Staying on top of your superannuation can be challenging for any number of reasons. Governments keep moving the goal posts when it comes to how much you can contribute at a tax-effective rate.

There are also strict rules about when you can access it, the tax your beneficiaries pay on your super, and how much you can withdraw if you get sick or are injured and can no longer work.

There’s a mountain of information that is often highly technical and relatively few working people have the time or inclination to deal with. Having said that, there are some simple steps you can take to gain more control.

Super is, after all, a vehicle into which nearly 10 per cent of your gross income is contributed for your entire working life so it makes sense to do everything in your power to maximise your final payout amount. You might live a long time in retirement without a job – here’s hoping!

Consolidate your funds
With few exceptions, you can roll all of your super funds into one account, which is usually a sound financial move. It not only helps you keep track of how much you’ve accrued, but could save you a fortune in fees and charges over the term of your working life.

Many funds have a fixed minimum weekly administration fee which you may be paying multiple times if you have your super in a multitude of accounts.

Australians spend more than $20 billion a year on fees relating to super, according to a Grattan Institute study. A fixed fee on a relatively small amount in some funds could be eating away at the capital and the fund may have nothing left in it after a few years. It is also common for life insurance to be attached to a super fund, and the premiums may also be reducing the balance without you realising it.

Having multiple accounts also makes it difficult to keep track of all your funds and increases the likelihood of you forgetting about some completely. The Australian Taxation Office’s figures for the end of 2014 revealed there was over $8 billion lying dormant in super accounts that had not received a contribution for over five years.

Check insurance, performance and asset type
Once you’ve decided to consolidate, there’s nothing stopping you from placing the money into one or two of your existing funds, or choosing another fund entirely. The fund should match your risk appetite with the right mix of growth and defensive assets to meet your needs.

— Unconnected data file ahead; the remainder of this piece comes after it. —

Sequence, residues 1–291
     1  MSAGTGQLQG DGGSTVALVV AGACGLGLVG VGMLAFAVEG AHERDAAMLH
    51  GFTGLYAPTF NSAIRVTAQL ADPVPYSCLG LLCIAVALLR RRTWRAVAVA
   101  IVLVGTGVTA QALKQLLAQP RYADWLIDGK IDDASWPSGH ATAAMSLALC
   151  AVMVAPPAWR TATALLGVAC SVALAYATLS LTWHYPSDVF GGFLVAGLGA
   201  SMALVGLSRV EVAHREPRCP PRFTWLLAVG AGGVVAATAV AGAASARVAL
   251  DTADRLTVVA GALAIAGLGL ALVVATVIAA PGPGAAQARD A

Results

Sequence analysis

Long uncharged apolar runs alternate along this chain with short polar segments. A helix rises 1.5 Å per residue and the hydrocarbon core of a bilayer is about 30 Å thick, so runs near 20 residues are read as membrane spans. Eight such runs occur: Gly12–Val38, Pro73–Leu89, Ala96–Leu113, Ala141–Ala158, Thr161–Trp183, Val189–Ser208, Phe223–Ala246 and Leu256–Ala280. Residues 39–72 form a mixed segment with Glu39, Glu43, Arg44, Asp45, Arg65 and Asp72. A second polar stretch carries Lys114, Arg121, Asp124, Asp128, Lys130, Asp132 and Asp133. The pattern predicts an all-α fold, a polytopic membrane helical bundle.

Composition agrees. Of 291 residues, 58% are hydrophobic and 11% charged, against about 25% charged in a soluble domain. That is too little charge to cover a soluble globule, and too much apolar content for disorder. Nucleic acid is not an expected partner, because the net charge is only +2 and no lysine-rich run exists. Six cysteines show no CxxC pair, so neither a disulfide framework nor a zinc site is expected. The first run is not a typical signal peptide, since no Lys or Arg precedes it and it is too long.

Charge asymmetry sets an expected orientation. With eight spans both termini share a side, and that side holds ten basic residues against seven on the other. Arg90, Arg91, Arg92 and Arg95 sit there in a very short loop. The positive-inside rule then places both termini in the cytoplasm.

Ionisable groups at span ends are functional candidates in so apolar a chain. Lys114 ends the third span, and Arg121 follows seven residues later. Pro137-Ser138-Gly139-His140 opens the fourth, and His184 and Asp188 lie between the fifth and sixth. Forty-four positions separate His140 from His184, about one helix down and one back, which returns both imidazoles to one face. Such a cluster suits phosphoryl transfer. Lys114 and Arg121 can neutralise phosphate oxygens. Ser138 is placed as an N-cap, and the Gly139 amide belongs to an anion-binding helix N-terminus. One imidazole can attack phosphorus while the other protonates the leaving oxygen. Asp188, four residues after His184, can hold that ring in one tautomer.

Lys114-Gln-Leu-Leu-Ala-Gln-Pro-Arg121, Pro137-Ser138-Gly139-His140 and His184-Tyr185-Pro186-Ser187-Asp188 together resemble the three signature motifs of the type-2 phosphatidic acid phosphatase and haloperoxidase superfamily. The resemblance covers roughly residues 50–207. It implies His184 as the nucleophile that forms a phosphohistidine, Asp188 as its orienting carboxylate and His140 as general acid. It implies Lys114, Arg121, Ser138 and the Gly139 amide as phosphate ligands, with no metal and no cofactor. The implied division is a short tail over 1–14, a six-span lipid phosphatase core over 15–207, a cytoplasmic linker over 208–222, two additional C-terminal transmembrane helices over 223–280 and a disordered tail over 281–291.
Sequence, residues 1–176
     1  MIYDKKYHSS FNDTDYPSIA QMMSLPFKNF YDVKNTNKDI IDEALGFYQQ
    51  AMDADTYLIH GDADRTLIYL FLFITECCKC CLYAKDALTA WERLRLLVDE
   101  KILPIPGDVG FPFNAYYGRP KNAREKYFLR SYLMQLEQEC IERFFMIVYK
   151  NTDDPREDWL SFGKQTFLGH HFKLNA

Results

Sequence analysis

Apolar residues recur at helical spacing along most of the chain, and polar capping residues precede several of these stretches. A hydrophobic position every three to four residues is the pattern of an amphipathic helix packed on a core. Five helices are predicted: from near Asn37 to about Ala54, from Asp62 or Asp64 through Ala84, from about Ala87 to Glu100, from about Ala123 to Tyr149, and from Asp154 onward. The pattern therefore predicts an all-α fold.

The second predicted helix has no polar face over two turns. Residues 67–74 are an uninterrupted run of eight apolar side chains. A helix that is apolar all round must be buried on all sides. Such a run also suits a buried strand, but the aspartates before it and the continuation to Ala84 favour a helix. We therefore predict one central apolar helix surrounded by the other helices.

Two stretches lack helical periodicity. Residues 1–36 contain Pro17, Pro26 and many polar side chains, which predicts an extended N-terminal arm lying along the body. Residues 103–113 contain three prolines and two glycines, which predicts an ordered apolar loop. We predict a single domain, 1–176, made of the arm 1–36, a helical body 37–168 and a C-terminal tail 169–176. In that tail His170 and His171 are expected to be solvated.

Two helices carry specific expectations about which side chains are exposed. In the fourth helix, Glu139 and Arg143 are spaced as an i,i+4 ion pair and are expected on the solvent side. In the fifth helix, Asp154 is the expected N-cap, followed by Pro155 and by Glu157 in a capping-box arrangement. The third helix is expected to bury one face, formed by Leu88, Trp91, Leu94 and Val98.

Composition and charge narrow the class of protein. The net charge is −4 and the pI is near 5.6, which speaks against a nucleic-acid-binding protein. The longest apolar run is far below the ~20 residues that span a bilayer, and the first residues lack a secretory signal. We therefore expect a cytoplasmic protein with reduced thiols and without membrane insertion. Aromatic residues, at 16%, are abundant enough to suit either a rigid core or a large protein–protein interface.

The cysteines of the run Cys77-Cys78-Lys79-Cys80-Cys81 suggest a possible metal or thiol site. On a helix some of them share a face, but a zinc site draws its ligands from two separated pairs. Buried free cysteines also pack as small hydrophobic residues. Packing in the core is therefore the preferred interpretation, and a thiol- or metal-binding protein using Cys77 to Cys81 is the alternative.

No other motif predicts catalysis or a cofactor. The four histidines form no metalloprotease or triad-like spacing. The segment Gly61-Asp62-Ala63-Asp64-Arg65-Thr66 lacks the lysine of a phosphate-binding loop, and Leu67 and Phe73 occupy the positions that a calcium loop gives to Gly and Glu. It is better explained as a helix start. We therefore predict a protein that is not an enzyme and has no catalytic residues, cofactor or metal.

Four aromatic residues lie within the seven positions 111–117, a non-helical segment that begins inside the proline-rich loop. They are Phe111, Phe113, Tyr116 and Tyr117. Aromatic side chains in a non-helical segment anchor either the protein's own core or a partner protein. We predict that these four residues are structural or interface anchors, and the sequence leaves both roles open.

You should check what insurance cover comes with each fund. Some funds have income insurance built into the payments structure while others may have better death benefits. If you switch to another fund you may have to change your insurance arrangements, which can be potentially more expensive than what you’re paying now. You may want to continue with the fund that has the best insurance. Some funds also have different defined benefit structures, depending on their age.

You should also look at the investment performance of the fund over the long term and consider whether it is likely to meet your retirement income needs, who the management is and what they’re investing your money in. There’s a huge range of funds to choose from and if, for example, you prefer a fund that is not investing in coal or gambling assets, you can opt for a so-called ‘ethical’ fund.

You can enlist the help of a financial planner if you feel overwhelmed by the task of finding a fund that is right for you, or speak to the service centre at one of your existing funds about your needs.

Finally, once you’ve decided on the fund you want to roll your other accounts into, ask the fund to do the consolidation for you and to locate any potential missing super. Most funds are more than happy to oblige new or existing customers in this work.

For more information about consolidating your super visit ASIC’s MoneySmart website, which also has hints on selecting the right fund for you.

Have you discovered lost super when consolidating? 

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